From my work consulting organizations on how to better support and retain parents, especially new moms, in the workplace, I can tell you flexibility is a key component to success. Were it not for the outdated societal norms that companies and employers still (automatically) employ; women might actually be positioned for gender parity at work. FlexJobs CEO and Founder, Sara Sutton Fell put it this way “By making flexible work options more readily available for all workers, both men, and women, we create a more equitable workforce and reduce the friction between work and life that affects many more women than men.”

Instead, what we see is 43% of highly qualified women with children leaving the workforce either temporarily or for good; which leads to a breakdown in the leadership pipeline. Women who were once sailing smoothly along their career paths and ascending to new heights come crashing down after having children.  For new moms especially, flexibility is critical. There are more reasons than options, for a working mother to request an unconventional work day. And by doing so, both employees and employers have the opportunity to create a more harmonious work environment that benefits everyone.

Freelancers, Part-Timers, and remote workers report greater work-life integration and are typically more satisfied with their work than their non-traditional counterparts. With the emergence of Co-working/childcare spaces, new moms in the workforce can perform their jobs and still be in the same building as their children. These co-working/childcare dwellings not only provide a shared environment for career-minded women to flourish but promote the enrichment and well-being of the children in their care.  Keltse Bilbao, founder, and owner of Big + Tiny located in Los Angeles insists: “Work-life balance can be especially difficult to achieve for parents of young children. Today, people are becoming increasingly more aware of the importance of spending quality time with their loved ones while being productive and successful. Big and Tiny is the space that helps parents achieve this balance.”

Flexibility is one of the most sought-after benefits in the modern workforce. Millennials would actually take less pay if it meant more flexibility at work and increased work-life integration. And while companies are often slow to adopt formal policies, unemployment rates are at all time lows and the war for talent is high.  New parents are poised to ask for more control over their work-life integration. Here are 3 ways to ask for flexibility in your current role:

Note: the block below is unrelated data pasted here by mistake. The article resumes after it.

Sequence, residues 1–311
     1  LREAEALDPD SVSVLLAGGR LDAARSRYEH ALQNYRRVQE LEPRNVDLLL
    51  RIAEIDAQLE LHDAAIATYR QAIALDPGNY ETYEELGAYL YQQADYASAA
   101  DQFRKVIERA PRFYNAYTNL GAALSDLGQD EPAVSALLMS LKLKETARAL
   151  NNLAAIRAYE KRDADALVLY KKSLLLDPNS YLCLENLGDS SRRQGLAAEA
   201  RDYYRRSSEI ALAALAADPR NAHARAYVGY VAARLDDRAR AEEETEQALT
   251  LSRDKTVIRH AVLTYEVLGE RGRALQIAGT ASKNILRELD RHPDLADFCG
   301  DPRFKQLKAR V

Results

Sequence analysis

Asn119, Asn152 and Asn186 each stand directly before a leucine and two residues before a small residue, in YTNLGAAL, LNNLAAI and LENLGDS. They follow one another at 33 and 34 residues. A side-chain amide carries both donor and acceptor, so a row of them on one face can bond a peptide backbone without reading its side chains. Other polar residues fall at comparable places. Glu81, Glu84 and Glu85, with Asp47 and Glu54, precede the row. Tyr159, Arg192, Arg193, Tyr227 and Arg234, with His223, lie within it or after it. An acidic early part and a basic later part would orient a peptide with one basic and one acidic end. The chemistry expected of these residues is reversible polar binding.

1. Do your research.

Consult your colleagues to see if they’ve inquired about or received flexible benefits. Does your company have any formal policies around flexibility? If so, take note and include the policy and/or success stories to craft your request. No policy? Start with some key facts about flexibility and determine what your ideal scenario would be to draft your proposal.

2. Company, first. 

Frame your request in a way that clearly outlines, first and foremost, the benefit your flex schedule will have for the company. Address how the flexibility will help those on your team and your boss as well. By putting the company first, your boss will be more receptive and willing to indulge you.

3. Be open to compromise.

If there’s any hesitation or pushback from your employer, ask for a trial period and a temporary arrangement of 3 months.  Or if your initial request is to work remotely full time, consider a trial of just one or two days a week.  Document your productivity and achievements during the trial period, and be open to feedback so that both you and your employee will recognize the benefits of your new flexible schedule.

Moving into a flexible schedule doesn’t have to mean off-ramping. Staying the course and asking for what you need can be a win-win for everyone; workers are happier/less stressed which increases productivity, while companies benefit from higher employee retention.

Mary Beth Ferrante is CEO of Live.Work.Lead. and drives organizations to provide better support for working parents, especially new moms. Download her whitepaper and follow her on Instagram.